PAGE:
Barbour’s manifesto covered household issues such as adulterated food, a municipal milk supply, abolition of wash-houses, the provision of public wash-houses, and child welfare centres where young children could play instead of having to remain inside a tenement. She hoped workers would press demands “not only for better homes, but for a higher standard of living generally”.

First for Govan

Barbour and four other women were elected to the Glasgow Corporation, the first women elected in the city since the passing of the 1907 Act, which enabled women to be elected as town or county councillors. The entry for Mary Barbour in the New Dictionary of National Biography (DNB) states that “she polled 4,701 votes, mainly from women, and was elected to Glasgow town council as their first Labour woman councillor”.

Mary Barbour leadThis entry has contributed to the misapprehension that she was Glasgow’s first female councillor, or at least the city’s first woman Labour councillor. However, press reports at the time, and the Glasgow Corporation records, make it clear that a group of five women were elected in 1920. In addition to Barbour, Eleanor Stewart became ILP councillor for Maryhill while Jessica Baird-Smith, Mary Bell and Mary Anderson Snodgrass were returned as Moderate councillors.

The original source of the error seems likely to be Patrick Dollan, Barbour’s party colleague whose History of Kinning Park Cooperative Society Limited, published in 1923, described her as “the first Co-operative woman elected to the council” and the “first Labour woman to be elected to Glasgow Town Council”. The DNB list of sources includes Dollan’s book, so perhaps a busy man’s slip of the pen rewrote history.

In any case, the Govan Press hailed Barbour as “Govan’s first women councillor”, adding that “her work will be closely scrutinised”. A week later the paper reported that she emphasised the Labour Group were there for “a particular purpose” – “to get the most out of the municipal administration of the city”. She had already discovered that the real work was done in the committees and that “the women had plenty of work to do and from now on would be in the Council Chambers every day”.

In 1924 Barbour set two other milestones for women in public office when she became both a bailie and a magistrate. Dollan told the press that “he was pleased to have the distinction of introducing the first fully fledged woman magistrate of the City of Glasgow”.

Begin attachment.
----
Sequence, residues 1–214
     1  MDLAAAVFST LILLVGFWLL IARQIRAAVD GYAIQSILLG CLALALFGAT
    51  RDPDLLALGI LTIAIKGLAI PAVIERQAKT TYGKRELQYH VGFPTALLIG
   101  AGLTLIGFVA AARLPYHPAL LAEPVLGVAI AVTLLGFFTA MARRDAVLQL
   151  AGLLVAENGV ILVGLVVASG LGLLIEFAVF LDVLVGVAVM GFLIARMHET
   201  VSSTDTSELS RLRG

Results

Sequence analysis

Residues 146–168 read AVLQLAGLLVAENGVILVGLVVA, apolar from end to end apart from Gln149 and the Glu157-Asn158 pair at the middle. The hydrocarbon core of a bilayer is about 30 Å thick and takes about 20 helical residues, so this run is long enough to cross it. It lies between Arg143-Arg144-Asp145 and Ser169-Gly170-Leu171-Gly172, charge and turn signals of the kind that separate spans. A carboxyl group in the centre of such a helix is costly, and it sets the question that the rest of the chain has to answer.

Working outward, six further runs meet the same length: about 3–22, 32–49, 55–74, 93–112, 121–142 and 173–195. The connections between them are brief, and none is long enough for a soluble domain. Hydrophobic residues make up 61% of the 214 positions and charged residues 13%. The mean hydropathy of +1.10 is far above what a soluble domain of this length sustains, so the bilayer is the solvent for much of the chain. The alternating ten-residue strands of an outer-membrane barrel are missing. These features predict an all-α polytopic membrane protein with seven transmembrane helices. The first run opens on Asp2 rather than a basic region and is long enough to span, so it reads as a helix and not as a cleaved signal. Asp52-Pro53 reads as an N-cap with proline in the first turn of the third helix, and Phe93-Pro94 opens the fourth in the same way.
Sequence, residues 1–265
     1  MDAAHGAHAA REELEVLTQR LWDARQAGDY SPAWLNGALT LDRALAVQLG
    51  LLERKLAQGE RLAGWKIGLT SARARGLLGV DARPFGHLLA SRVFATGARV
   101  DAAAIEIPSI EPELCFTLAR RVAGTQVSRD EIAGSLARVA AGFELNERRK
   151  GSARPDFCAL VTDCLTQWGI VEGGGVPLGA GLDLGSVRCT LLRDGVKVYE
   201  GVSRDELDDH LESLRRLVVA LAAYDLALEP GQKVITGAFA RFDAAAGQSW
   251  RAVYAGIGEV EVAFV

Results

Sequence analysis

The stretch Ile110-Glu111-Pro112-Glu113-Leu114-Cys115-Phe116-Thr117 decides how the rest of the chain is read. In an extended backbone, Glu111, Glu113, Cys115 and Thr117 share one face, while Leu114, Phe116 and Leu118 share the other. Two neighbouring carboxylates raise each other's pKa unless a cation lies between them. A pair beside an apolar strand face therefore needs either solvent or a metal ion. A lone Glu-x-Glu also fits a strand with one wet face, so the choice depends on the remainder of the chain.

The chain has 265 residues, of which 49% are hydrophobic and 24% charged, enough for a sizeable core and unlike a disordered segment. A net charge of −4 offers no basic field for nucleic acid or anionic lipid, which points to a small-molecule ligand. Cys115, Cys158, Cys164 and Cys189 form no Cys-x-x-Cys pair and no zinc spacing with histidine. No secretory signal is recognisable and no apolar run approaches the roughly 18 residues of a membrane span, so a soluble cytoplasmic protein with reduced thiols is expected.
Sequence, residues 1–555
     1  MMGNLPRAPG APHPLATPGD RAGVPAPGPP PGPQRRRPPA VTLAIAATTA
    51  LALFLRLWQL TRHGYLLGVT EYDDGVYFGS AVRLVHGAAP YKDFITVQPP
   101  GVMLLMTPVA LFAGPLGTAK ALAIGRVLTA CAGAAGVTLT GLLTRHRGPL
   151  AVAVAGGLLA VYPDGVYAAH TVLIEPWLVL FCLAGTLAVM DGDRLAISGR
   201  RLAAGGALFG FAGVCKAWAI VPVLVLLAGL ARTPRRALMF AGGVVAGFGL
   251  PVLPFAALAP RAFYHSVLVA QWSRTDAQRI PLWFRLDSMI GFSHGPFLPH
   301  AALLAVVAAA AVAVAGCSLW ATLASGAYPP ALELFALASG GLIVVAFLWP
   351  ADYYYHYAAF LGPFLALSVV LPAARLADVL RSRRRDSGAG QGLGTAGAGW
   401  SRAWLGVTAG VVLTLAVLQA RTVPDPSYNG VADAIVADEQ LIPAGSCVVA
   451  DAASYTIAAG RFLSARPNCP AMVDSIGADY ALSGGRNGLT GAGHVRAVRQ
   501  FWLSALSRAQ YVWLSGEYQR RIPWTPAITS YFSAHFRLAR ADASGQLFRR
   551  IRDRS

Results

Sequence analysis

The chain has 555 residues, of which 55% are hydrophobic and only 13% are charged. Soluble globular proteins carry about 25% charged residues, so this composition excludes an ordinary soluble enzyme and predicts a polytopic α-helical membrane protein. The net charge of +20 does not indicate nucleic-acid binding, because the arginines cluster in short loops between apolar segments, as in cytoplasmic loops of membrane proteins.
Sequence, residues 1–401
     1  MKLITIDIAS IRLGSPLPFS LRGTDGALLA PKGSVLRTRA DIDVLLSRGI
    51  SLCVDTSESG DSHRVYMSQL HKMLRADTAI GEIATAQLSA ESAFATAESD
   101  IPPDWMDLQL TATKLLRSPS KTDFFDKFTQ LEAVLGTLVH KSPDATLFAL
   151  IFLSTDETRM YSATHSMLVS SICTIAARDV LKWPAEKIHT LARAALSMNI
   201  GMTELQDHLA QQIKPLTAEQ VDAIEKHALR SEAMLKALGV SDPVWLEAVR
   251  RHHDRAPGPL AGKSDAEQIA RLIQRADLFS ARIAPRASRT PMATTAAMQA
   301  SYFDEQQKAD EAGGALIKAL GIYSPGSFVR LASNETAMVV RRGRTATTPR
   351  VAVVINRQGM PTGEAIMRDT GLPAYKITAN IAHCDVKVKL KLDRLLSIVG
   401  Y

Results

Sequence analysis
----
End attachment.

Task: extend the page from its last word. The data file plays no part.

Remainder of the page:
Barbour’s focus on families continued and in November 1926, at the opening of the new Elder Park Child Welfare Association, she informed the audience that the clinic was “not merely a child welfare centre, but an institution for ‘mother-craft’ – and ‘father-craft’, too”.

Her support for Glasgow’s first birth control clinic was more controversial, however, as it went against the voting record of her socialist MP colleagues, none of whom had supported the Birth Control Enabling Bill in 1922. Nevertheless, the Glasgow Women’s Welfare and Advisory Clinic opened in August 1926 at 51 Govan Road to give advice to married women on family planning.

In 1931 Barbour opted to stand down as a councillor at the age of 56, stating that she felt “the difficulties ahead required young and strenuous fighters”. Eight women were elected to Glasgow Corporation that year (7.2 per cent), two Moderate and six Labour. The Glasgow Herald reported that “all the Labour women candidates met with success”. It can be safely assumed that Barbour would have been both selected and elected had she stood again.

A great leader

Outstanding questions remain over Mary Barbour’s career, over why she stood down as a councillor, and there is a need for more information on the campaigns she was involved in. In that sense I am still looking for Mary Barbour.

When she died in 1958, Bailie Jack Davis wrote an obituary for the Govan Press, noting that:

“There are women in Govan today who think of Mrs Mary Barbour as one of the great leaders of the Labour Movement who truly represented its spirit and purpose, and I am inclined to agree with them… Mrs Barbour has been out of the limelight of public affairs in this city for many years now but there never was a more revered and loved local leader than she was in the heyday of her active life.”

The obituary also mentions that “women voluntarily took on hand to do the housework of Mrs Barbour to enable her to devote herself fully to the service of the people” – a practical and unusual tribute.

Direct and forthright, Mary Barbour emerges as a strong, energetic and convincing campaigner who helped to make the world a different place from the one in war-torn crisis in 1915. Her role in the rent strike was crucial to its success and won her fame. In elected office she sought to implement the ILP and co-operative household agenda. She is worthy of being remembered – and of being commemorated by a statue.


This article is adapted from the introduction to the programme for a new play about Mary Barbour, called Mrs Barbour’s Daughters, showing at Glasgow’s Tron Theatre from 4-7 November.

The Remember Mary Barbour Association is campaigning to see a statue raised to Mary Barbour as a lasting memorial to one of Glasgow’s greatest heroes. Click here for more information or to donate to the campaign, or email